The White House is shooting down reports in a German newspaper that President Donald Trump told leaders in Europe he would stop German car sales to the U.S.
The story was filed by the German newspaper Spiegel on Thursday. Since Trump's alleged threat was not recorded on audio or video, journalists brought it up Friday with Gary Cohn, the White House's chief economic advisor. Cohn said the reports are not true.
While the White House denies it's attacking German automakers, it's still complaining about the trade deficit with Germany.
Last year, it totaled $64.9 billion, the third-largest trade deficit the U.S. has with countries around the world. Only China and Japan had larger trade surpluses.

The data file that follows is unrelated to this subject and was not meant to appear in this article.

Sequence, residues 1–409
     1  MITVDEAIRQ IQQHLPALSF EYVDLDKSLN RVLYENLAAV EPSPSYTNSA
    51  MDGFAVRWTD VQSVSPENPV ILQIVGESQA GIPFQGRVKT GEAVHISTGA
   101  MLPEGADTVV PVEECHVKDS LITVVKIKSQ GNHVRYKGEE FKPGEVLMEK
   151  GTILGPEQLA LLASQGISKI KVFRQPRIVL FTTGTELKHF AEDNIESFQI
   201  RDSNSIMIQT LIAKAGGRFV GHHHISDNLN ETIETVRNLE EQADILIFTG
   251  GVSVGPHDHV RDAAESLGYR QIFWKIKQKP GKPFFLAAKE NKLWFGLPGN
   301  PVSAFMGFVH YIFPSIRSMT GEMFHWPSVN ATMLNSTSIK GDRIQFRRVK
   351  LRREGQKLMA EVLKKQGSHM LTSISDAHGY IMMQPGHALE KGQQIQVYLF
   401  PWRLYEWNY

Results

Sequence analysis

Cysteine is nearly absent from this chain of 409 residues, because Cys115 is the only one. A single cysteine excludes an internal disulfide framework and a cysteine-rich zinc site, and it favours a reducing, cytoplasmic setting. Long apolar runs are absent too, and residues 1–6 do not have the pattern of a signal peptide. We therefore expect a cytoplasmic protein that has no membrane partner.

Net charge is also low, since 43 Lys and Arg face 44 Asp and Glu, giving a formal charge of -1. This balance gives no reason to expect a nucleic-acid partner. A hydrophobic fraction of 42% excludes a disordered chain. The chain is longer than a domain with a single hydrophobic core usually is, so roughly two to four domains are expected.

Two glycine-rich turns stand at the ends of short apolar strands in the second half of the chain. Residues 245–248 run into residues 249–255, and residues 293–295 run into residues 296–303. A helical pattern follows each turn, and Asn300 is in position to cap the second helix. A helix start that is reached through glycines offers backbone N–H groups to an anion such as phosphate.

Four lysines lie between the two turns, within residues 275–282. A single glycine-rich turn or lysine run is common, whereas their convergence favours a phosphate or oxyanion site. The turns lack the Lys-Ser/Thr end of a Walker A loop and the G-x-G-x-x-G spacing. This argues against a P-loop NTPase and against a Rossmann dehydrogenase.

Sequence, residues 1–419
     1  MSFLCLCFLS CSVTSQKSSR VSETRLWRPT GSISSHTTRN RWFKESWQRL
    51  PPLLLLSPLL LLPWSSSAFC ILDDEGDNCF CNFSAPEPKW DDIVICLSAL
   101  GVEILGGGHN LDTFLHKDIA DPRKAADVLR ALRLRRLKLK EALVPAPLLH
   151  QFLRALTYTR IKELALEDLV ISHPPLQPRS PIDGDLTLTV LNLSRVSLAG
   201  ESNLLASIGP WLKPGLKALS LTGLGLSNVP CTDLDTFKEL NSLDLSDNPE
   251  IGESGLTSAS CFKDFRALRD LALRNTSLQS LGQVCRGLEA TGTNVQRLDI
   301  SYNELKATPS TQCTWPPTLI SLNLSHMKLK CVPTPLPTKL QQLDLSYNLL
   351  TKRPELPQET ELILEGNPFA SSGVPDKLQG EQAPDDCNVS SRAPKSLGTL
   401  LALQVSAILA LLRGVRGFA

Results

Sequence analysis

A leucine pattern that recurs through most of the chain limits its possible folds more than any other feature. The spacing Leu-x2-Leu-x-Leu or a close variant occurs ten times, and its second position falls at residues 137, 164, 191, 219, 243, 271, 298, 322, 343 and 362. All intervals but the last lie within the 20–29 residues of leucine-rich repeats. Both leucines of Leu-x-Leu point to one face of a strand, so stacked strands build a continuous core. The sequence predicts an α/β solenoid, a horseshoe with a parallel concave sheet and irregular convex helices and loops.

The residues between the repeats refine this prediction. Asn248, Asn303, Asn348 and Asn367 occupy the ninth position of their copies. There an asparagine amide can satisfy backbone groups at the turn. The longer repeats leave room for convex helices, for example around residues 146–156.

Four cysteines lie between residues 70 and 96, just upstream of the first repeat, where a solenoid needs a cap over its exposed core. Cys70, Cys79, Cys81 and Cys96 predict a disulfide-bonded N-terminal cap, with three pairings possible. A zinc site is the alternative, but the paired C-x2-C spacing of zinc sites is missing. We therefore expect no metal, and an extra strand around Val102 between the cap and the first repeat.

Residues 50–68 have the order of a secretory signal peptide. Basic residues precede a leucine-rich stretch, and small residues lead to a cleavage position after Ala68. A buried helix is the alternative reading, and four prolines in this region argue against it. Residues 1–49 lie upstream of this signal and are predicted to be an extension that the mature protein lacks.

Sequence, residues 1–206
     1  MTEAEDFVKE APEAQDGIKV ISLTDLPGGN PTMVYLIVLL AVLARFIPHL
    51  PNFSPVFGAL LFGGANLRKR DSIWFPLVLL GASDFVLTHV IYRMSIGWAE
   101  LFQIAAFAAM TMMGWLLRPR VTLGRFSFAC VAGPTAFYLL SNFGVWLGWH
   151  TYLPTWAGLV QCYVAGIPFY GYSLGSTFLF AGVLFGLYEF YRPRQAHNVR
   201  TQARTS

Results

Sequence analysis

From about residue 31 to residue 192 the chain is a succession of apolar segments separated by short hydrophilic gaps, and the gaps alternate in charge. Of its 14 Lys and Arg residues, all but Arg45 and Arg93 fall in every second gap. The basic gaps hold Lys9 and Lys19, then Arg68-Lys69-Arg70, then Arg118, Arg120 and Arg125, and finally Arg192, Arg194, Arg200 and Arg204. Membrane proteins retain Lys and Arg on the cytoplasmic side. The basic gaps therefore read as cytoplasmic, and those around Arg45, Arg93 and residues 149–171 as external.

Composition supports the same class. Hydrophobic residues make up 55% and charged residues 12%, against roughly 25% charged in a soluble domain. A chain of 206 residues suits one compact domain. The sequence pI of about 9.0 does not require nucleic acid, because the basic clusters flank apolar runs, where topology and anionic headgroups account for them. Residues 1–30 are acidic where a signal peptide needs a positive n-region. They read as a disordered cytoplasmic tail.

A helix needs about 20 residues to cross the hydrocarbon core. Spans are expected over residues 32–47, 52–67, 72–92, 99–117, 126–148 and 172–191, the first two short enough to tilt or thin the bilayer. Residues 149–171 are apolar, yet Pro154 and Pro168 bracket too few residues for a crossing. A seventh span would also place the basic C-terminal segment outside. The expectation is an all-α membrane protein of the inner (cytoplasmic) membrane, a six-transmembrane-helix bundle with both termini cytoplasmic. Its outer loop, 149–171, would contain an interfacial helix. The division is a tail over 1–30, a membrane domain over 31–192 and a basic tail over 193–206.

Not surprisingly, the auto industry drives the trade deficit with Germany. According to the Department of Commerce, the U.S. imported $21.6 billion in autos from Germany last year, while it exported $6.1 billion to the European country.
In short, Americans have developed a healthy appetite for BMW, Audi and Mercedes-Benz. Those high-end luxury sedans and sports cars more than offset the growing number of SUVs and crossovers coming from German-brand auto plants here in the U.S.
Truth is, of the 1.3 million German-brand vehicles sold in the U.S. last year, only 1 of 4 were built at U.S. plants. By comparison, two-thirds of the vehicles sold by the Big Three were built in the U.S.